In July, ex-military dictator Manuel Noriega filed a lawsuit against Activision over his depiction in Call of Duty. Black Ops II. Today, Activision filed a motion to dismiss the lawsuit, calling it "absurd" in a press release issued this morning.
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Former Panamanian dictator Manuel Noriega is taking Activision to court over his depiction in Call of Duty. Black Ops II. Courthouse News Service reports that Noriega, who is currently serving a prison sentence in Panama, is suing Activision, the game's publisher, for "blatant misuse, unlawful exploitation and misappropriation for economic gain."
Today's new trailer for the upcoming and final Call of Duty. Black Ops II expansion, Apocalypse, once again shows why the world would benefit from an old World War I trench warfare planes-and-blimps-and-giant-robot Call of Duty. Just look at this GIF we pulled from it!
Even the massive money-making game publisher Activision lays off people from time to time, as the company confirmed today that they've cut about 30 jobs from their global work force. Kotaku first heard that the cuts were affecting Treyarch, the studio behind Call of Duty. Black Ops II, but a spokesperson for Activision said that a good number of the cuts were from outside of Treyarch, from the parts of the company involved with licensed games.
This could only come from the great laboratory of death known as free-for-all in a multiplayer shooter. Given enough matches, enough combatants and enough button-spamming, you'll inevitably discover that a bouncing betty to the face is a one-hit kill Call of Duty. Black Ops II -- without detonating.
Call of Duty games have a distinctive aural imprint. The whizzing bullets, grunting allies, ringing impacts and of course, the screams of the many men you kill. But what if the game were stripped down to only that last -- what if the only things you heard in Call of Duty. Black Ops II were the combatants' voices?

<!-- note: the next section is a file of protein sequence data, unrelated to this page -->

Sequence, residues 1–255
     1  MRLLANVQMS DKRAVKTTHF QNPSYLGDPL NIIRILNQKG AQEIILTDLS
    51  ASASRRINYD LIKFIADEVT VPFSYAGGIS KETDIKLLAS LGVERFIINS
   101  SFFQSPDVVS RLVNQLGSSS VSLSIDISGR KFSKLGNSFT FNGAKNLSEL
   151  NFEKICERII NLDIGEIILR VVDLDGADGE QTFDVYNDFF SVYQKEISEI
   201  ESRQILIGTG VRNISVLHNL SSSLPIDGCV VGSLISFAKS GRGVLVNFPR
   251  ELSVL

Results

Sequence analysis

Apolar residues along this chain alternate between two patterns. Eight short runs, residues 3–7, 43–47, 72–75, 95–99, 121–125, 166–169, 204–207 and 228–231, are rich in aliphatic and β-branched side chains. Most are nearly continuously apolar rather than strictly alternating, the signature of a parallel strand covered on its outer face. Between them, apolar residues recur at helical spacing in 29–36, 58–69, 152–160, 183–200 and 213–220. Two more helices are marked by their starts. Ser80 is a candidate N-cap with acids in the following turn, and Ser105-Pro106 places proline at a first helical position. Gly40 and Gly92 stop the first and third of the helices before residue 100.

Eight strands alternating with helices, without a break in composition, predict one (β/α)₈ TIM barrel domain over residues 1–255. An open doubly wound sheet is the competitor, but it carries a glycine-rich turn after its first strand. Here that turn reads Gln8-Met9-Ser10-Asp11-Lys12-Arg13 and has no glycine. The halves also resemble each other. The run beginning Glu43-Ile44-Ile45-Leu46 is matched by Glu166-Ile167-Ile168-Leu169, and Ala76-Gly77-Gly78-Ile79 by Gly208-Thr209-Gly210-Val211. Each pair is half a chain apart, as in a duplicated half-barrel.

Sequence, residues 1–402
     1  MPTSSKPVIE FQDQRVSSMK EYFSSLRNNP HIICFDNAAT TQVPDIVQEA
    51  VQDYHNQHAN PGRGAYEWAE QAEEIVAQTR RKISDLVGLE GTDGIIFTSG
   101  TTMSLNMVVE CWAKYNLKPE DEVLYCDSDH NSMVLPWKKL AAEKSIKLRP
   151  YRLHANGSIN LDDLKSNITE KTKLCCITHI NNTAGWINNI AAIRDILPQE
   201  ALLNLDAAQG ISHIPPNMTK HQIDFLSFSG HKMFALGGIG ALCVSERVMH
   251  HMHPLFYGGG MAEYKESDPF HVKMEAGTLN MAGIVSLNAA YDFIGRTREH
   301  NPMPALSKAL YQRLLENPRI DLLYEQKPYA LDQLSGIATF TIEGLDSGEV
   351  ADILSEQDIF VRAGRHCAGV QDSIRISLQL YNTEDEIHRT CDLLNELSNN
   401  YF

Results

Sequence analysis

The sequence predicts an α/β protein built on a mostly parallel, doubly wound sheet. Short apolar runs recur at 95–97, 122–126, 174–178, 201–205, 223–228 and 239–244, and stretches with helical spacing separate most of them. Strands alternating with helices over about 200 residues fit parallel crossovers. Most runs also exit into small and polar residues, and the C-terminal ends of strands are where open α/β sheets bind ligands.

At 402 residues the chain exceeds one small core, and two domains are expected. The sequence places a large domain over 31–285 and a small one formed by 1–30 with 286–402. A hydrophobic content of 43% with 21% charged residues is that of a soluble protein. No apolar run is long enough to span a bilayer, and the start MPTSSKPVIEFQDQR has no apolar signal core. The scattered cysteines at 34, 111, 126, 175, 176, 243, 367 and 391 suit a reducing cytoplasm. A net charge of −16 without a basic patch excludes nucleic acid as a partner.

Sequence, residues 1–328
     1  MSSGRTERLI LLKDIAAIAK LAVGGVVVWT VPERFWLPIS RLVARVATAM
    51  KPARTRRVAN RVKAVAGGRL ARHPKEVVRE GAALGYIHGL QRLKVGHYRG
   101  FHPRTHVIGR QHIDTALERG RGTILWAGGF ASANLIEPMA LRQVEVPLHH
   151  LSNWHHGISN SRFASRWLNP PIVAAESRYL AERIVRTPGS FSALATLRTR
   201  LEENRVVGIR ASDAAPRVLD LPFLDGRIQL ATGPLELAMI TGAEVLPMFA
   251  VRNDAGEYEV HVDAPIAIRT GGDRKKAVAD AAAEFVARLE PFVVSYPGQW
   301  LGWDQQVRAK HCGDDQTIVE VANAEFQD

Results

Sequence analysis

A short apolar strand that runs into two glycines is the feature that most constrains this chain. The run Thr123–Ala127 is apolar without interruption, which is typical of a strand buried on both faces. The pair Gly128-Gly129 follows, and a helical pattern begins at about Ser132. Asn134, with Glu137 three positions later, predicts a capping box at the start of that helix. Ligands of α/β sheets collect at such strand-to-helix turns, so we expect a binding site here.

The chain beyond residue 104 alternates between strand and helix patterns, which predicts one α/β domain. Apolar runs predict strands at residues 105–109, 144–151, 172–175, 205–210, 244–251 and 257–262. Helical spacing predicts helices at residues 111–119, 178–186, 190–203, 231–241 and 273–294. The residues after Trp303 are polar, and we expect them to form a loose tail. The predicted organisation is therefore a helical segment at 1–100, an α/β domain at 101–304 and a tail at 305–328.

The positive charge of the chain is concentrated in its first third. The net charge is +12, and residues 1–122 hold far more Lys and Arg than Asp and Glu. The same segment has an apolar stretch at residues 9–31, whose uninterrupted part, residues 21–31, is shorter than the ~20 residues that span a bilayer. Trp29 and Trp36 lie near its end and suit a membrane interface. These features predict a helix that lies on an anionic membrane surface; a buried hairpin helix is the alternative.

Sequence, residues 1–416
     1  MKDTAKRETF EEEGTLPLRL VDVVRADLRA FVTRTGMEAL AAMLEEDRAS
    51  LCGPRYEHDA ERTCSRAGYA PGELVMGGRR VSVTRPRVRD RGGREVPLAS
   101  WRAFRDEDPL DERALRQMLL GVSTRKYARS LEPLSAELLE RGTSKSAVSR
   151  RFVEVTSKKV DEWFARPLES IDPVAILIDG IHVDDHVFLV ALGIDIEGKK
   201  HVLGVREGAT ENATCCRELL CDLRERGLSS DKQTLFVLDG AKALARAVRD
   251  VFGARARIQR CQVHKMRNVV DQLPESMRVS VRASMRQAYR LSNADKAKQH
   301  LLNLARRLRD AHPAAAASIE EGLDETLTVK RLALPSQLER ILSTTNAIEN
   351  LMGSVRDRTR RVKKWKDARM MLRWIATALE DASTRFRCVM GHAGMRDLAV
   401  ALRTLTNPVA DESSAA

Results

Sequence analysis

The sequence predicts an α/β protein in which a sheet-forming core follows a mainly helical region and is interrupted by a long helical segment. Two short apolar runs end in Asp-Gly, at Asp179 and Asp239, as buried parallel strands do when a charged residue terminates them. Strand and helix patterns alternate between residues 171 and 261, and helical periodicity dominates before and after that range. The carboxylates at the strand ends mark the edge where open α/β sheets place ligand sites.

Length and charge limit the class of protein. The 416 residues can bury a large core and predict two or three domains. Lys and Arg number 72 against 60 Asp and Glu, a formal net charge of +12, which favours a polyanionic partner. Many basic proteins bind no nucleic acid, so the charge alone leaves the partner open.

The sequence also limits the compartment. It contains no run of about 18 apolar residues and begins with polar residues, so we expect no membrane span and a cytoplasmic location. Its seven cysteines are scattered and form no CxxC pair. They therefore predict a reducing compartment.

659 people are playing standard multiplayer and 68 people are playing Zombies mode on Wii U. More than last week.
For years now, Square Enix has published the Call of Duty games in Japan. Square Enix honcho Yoichi Wada is apparently a big fan of the series -- and Western games. His goal is apparently to make Japanese gamers more open to playing foreign titles. That's admirable. It would be more admirable if the company didn't keep screwing up the games.
For Call of Duty fans, developer Treyarch just delivered an early Christmas present when they released Black Ops II. As the ninth game in the Call of Duty franchise and the sequel to the 2010 game Black Ops, we are hoping to see something meaningfully new from Black Ops II. We say this because last year's release (Modern Warfare 3) was somewhat lackluster on the PC, and also because the competing franchise Medal of Honor. Warfighter has received mixed, if not poor reviews overall.